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International Culture Day presentations discuss stereotypes, cultural diversity


by Carolyn McDonald
“It’s important to realize there are no positive stereotypes, as they strip people of their individuality,” junior Téa Baum said at a panel held during B-block of International Day last Thursday. During the panel, students of different races and ethnicities spoke about their experiences with stereotypes and self-image.
Junior Maria Herwagen and sophomore Emiliya Aleksanyan moderated the session, asking the group questions about their experiences regarding race and culture.
The panelists discussed standards of beauty for people of different ethnicities. Senior Sheil Mehta talked about his experience seeing skin-bleaching products for people of color. “It’s a fundamental issue with how we perceive beauty,” he said.

Similarly, senior Sophie Ferreira said she has seen members of her family show more
affection to lighter-skinned children. “It breaks my heart to see little boys and girls running around and not getting affection.”
Races and cultures portrayed by the media was also discussed by the panel, and Mehta said, “Growing up, there was no leading hero that looked like me. When you only see yourself in one light, you submissively have to play that role.”
Baum explained that in the media, Asians are often portrayed as being smart. “I want to earn being smart,” she said.
The panel ended with the students talking about their experience at North. The students talked about curriculum, specifically that European and American history tend to be the focus of history classes. Sophomore Lalia Plaster said, “If you want a diverse community, you have to teach diversity.”
by Nichol Weylman-Farwell
Students led an open forum and question-and-answer session regarding what it is like to live in the U.S. as someone who identifies as a minority, during C-block of International Day on Thursday.
The block started with a showing of a video created by TV productions discussing stereotypes about foreign ethnicities and the effect they have. For example, the ignorant declaration that “All muslims are terrorists,”which senior Seika Ghavidel called harmful. Some comments were more comical. Sophomore Colin Foley said, “People view Italians as being big and fat…” and added with a laugh, “…which I guess is true sometimes.”
The panel discussed various topics, ranging from the presence of foreign cultures in the media and music, to the struggles and benefits of being of international descent in the U.S., and how that affects their lives at school and at home.
Senior Carrieanne Mamba described one of the many benefits of having lineal ties to an international country.  “I have the best of both worlds, since I identify as part of different cultures. I have access to multiple different kinds of recipes, holidays, and traditions,” she said.
Some of the students, however, explained that they feel disconnected from their cultures. Senior Karl Adrianza reflected on how his parents, who were born in Venezuela, often hold contrasting beliefs to his own. “I really had to make peace with the idea that my parents, who are traditional Catholics, have completely different values than I do, because I identify more as a liberal,” he explained.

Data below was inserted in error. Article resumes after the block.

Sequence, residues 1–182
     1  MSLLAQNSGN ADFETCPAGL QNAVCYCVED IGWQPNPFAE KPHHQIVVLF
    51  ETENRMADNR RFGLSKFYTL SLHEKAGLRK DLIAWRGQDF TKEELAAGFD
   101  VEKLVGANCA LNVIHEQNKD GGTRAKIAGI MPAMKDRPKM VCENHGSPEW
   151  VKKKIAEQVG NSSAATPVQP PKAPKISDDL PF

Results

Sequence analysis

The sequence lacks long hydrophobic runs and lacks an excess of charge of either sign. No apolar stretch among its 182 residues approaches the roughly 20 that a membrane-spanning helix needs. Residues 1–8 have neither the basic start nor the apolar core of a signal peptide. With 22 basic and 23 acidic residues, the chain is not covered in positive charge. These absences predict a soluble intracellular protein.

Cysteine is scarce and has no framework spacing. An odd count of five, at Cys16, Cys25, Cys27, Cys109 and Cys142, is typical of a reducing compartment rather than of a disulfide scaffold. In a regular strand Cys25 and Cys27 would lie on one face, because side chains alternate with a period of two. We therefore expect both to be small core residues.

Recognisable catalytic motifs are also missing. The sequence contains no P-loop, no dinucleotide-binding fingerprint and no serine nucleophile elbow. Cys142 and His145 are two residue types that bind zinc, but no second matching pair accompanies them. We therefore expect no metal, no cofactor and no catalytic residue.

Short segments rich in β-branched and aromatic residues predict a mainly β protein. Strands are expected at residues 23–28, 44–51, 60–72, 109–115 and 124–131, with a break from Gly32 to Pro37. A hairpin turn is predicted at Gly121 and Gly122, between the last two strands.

Mamba, who identifies as Filipino, explained that she worries about whether future generations of her family will lose connection to their cultures. Mamba said, “In the future, I wonder if my kids, and their kids after that will have the same ties to my Filipino roots as I do, and that thought scares the hell out of me.”
Mehta echoed Mamba’s statements, and said “My kids probably will not speak Hindi unless I marry an Indian woman, which makes me feel uneasy.”
The panel then discussed their experiences with bringing in foreign food to school, which Mamba dubbed “the lunchbox moment.” Mamba recalled bringing in Filipino food for lunch multiple times during elementary school, and said that some of her fellow students had looks of disgust on their faces when they saw her food.
Mehta comically added on to Mamba’s experience by saying, “You could be the most racist person alive, but how could you hate chicken tikka masala.”
by Tali Falk-Judson
Students operated booths representing different countries along Main Street thursday, March 22.
The booths were part of International Day and each contained food and information about cultures from a variety of different countries.

“I want people to take away from today an understanding of the diversity of cultures around the world and especially in this school,” said freshman Gabriel Sanson. “All of these countries have great things that people don’t know about.”
Sanson ran the Mexican booth and presented Mexican food and candy as well as pictures of places in Mexico.
The booth for Finland contained the Finish flag as well as cake baked from a traditional Finish recipe, according to junior Laila Plaster, who operated it.
“We have a very diverse population at our school, and there are a lot of places people don’t know about, one of them being Finland. There’s a lot of really interesting Finish culture that isn’t known about,” said Plaster.
Senior Carrieanne Mamba, who ran the booth from the Philippines, said that her goal was to give people an appreciation and understanding of Filipino culture.
“People don’t really have preconceived notions about the Philippines because we’re very underrepresented.” She added, “Today is about giving exposure to different cultures that people might not be aware of.”

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